• Content Count

  • Joined

  • Last visited

About mignal

  • Rank

Recent Profile Visitors

The recent visitors block is disabled and is not being shown to other users.

  1. I made a bending iron and had it cast (solid) in some type of Aluminium. It takes 30 minutes to reach the temperature that I need and then I just pull the plug. I never did fit a thermostat to it although that was my original intention. With my iron it just isn't needed.
  2. mignal


    Any recommendations for a 'tube ready' madder that's available in the UK. Either for adding as a tincture or for use as a glaze.
  3. That doesn't sound correct as far as re-sawing is concerned. I think that wording is somewhat ambiguous and misleading. You need to tension the blade so that it doesn't deflect in the cut. A blade that has insufficient tension coupled with the vibration that is set up in the bandsaw will result in the washboard effect. Either that or it will lead to blade wander. My bandsaw is a small affair with a 7 inch depth of cut. I cannot sufficiently tension a 3/4 inch 3 TPI blade. The structure of my bandsaw is such that it simply cannot apply enough tension on the blade, I have to use a 1/2 inch th
  4. Why is 6 TPI wrong for hardwood? If I'm re-sawing I use a 3 TPI blade irrespective of the wood. If I'm cutting something at 2 inch then 6 TPI is probably just about right but that depends on both your bandsaw and how fine a finish to the cut you require. The common problem with the smaller bandsaws is that they have a difficult time getting enough tension on the blade. Either switch to a blade with lesser width and/or use the blades that are made with a thinner gauge metal - both make it easier to tension the blade. Guide set up and the set up in general is crucial on bandsaws, on smaller mo
  5. Try one of these: A baby bottle warmer with a food jar cut into the warming tray. Temperature varies by a few degrees but providing you set it to max at 140 it really isn't a problem.
  6. Sorry my answer relates to the Chisels but the gouges will employ the same steel.
  7. My guess is that at 60 to 100W it will struggle to get hot enough. In fact I think more like 300 to 500 W is more like it. My iron is a solid block of Aluminium and the element is 500 Watt.
  8. My understanding is that Hirsch and Two Cherries are the same chisel. They are considered very decent chisels for the price and you shouldn't have problems with the steel. I have used one but can't remember too much about it, I didn't like the handle but I'm very keen on the ergonomics of these things. Two Cherries are available both polished and unpolished. Opt for the unpolished otherwise the bevel edges and back of the chisel are rounded in the process of making them look pretty. The other Chisel to consider in a similar price range is the Ashley Isles.
  9. You must have found someone who either had a poor bandsaw or blade or wasn't quite sure what he was doing. Luthier woods are no different to others when it comes to re-sawing. Just because it's got a bit of figure shouldn't make any difference and Maple just isn't that hard as woods go. I've seen lots of amateur woodworkers post pictures of 9 or 10 inch stock they've re-sawn at a veneer thickness of 1 mm, all with very little wander. Even my pathetic bandsaw is capable of cutting 6 inch stock (it's max), except mine wanders a little but the bandsaw is the cheapest you can possibly buy with a 6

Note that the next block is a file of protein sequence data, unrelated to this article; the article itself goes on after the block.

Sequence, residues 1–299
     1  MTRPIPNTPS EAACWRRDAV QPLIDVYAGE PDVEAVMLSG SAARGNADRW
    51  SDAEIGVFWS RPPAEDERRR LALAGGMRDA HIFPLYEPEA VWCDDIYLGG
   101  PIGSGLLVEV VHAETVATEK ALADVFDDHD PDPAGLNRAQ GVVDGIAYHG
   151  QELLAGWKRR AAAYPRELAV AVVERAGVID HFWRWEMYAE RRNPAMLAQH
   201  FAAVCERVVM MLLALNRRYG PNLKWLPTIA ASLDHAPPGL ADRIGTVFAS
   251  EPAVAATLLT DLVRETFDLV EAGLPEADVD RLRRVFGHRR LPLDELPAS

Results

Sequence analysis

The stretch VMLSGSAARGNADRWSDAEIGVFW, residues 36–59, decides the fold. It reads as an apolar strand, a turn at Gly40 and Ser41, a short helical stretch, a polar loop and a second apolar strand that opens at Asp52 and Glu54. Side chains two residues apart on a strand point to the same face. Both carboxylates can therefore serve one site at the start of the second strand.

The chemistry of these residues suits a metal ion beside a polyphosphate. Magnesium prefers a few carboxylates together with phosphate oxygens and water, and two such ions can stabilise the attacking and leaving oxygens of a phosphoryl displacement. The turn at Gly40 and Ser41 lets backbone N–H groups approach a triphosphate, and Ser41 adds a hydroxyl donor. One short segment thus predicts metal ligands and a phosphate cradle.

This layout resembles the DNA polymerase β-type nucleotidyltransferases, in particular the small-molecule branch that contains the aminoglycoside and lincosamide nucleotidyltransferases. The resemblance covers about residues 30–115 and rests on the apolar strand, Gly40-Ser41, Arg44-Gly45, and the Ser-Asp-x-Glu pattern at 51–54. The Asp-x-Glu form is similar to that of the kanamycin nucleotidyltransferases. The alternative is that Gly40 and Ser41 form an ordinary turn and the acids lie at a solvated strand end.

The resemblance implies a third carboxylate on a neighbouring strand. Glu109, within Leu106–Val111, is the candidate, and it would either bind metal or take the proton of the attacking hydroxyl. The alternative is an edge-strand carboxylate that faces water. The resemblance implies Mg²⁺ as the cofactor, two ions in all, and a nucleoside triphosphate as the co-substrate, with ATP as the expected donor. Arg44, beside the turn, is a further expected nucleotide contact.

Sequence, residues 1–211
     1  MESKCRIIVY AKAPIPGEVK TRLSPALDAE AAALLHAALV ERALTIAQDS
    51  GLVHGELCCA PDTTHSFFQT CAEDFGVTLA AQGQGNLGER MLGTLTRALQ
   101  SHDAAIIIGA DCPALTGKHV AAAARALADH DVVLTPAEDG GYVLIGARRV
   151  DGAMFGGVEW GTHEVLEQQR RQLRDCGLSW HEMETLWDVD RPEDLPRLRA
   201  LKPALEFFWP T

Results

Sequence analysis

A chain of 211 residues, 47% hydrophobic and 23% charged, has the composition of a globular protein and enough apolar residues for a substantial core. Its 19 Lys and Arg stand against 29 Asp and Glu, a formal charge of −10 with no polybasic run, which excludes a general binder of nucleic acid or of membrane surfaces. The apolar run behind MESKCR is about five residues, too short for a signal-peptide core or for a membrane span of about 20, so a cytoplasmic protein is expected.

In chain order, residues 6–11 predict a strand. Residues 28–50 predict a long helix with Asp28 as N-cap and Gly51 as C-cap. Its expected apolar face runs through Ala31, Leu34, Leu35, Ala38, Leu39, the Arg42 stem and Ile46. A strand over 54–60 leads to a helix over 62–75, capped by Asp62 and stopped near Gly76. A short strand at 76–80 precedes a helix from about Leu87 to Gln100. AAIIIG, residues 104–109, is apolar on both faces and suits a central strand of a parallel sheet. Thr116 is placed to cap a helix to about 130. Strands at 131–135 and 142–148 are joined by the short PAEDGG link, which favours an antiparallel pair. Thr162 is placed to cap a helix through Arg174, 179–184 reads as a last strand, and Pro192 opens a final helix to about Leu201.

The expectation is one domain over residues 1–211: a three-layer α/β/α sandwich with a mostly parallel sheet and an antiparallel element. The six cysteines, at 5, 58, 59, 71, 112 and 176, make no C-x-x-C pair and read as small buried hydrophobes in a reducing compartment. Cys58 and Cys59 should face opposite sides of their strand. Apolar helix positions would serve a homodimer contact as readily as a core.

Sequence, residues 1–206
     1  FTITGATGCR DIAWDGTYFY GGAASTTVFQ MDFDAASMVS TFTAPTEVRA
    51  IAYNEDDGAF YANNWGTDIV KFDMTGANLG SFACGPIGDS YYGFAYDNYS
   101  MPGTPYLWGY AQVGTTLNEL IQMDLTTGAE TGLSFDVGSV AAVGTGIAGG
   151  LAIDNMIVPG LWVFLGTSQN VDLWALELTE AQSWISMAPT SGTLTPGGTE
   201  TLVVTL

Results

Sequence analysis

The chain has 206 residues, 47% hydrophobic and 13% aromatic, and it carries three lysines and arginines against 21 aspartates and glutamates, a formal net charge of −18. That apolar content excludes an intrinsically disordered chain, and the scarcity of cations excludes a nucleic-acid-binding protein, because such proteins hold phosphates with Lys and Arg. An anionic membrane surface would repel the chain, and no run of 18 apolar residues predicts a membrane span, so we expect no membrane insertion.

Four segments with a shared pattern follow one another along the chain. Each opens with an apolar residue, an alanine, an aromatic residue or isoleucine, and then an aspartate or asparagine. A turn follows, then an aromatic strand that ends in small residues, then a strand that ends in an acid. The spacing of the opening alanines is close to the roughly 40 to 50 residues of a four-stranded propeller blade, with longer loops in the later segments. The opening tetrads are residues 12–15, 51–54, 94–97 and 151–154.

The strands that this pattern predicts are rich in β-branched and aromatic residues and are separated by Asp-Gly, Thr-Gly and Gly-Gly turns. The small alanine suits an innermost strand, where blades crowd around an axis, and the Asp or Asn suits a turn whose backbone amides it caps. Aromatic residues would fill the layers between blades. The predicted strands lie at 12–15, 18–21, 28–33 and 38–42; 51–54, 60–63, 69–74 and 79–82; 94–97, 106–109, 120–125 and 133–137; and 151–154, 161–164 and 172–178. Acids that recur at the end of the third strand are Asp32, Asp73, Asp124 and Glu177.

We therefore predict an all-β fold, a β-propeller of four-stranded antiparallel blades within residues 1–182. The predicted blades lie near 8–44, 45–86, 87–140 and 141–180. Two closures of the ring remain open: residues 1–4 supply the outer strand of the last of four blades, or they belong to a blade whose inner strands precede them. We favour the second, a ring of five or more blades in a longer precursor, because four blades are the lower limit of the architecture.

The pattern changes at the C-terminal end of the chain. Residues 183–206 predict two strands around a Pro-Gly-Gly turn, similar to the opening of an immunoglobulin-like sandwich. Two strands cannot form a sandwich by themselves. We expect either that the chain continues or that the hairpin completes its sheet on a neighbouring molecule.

10. You need someone with a Bandsaw that can cut a minimum (I guess) 10 inch depth of cut. For general hobby woodworkers and furniture makers that depth isn't huge. You could post a request over at the Woodnet forum, must be someone in your area who will be willing to help out. You might be better off marking the section you want cutting off and erring on the side of caution, then tell the person resawing it to do the same.
  11. Probably. You shouldn't need to get the plates that hot, just warm enough so that the glue doesn't chill when it hits the surface. A hairdryer pointed at the gluing surfaces will pretty much achieve the same thing though.
  12. The Shellacs that have the low wax content always seem to have a longer shelf life than those with higher wax contents, that's my limited experience. You can always do a quick test with old shellac so there's no need to discard it unless it's not drying as it should.
  13. Silk strings were being used by guitarists in the late 19 th century.
  14. This is probably an area where many Violin makers and Guitar makers disagree. For the Guitarmaker French Polish is a great finish because they believe that it has either no effect or very little effect on the tone. You may not like the look of it but if done correctly the actual thickness of the finished film is extremely thin. It may appear as though there's a huge amount on but it's much thinner than brushed on oil varnish. In actual fact it's not that unusual for a guitarist to have the back/sides of their instrument redone after a mere 3 years because the Shellac (in certain areas) has com
  15. Most commercially available Shellacs have a wax content, perhaps not as much as Oded likes. Some are more 'refined' and contain very little wax. As far as I know most users de-wax their shellac to avoid that softer look. I've even tried to French Polish with the sediment left after the de-waxing process, now that really was a soft, waxy finish.